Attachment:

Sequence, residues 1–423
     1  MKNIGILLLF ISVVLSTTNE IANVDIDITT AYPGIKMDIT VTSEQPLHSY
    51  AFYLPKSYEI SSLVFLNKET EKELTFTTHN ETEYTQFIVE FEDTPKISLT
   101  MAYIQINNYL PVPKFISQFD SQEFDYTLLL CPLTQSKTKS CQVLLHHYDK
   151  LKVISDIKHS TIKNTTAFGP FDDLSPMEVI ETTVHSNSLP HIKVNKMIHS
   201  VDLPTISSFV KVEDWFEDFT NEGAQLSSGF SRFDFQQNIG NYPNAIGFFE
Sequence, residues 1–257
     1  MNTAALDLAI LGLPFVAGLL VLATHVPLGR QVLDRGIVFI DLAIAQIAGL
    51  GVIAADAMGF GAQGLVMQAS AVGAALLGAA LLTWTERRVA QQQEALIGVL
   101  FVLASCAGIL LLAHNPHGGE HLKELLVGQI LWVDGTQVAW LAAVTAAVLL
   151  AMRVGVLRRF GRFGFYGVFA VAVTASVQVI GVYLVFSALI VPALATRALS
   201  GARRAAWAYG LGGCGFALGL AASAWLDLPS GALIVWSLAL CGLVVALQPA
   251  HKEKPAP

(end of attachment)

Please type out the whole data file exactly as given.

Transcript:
Sequence, residues 1–423
     1  MKNIGILLLF ISVVLSTTNE IANVDIDITT AYPGIKMDIT VTSEQPLHSY
    51  AFYLPKSYEI SSLVFLNKET EKELTFTTHN ETEYTQFIVE FEDTPKISLT
   101  MAYIQINNYL PVPKFISQFD SQEFDYTLLL CPLTQSKTKS CQVLLHHYDK
   151  LKVISDIKHS TIKNTTAFGP FDDLSPMEVI ETTVHSNSLP HIKVNKMIHS
   201  VDLPTISSFV KVEDWFEDFT NEGAQLSSGF SRFDFQQNIG NYPNAIGFFE
Sequence, residues 1–257
     1  MNTAALDLAI LGLPFVAGLL VLATHVPLGR QVLDRGIVFI DLAIAQIAGL
    51  GVIAADAMGF GAQGLVMQAS AVGAALLGAA LLTWTERRVA QQQEALIGVL
   101  FVLASCAGIL LLAHNPHGGE HLKELLVGQI LWVDGTQVAW LAAVTAAVLL
   151  AMRVGVLRRF GRFGFYGVFA VAVTASVQVI GVYLVFSALI VPALATRALS
   201  GARRAAWAYG LGGCGFALGL AASAWLDLPS GALIVWSLAL CGLVVALQPA
   251  HKEKPAP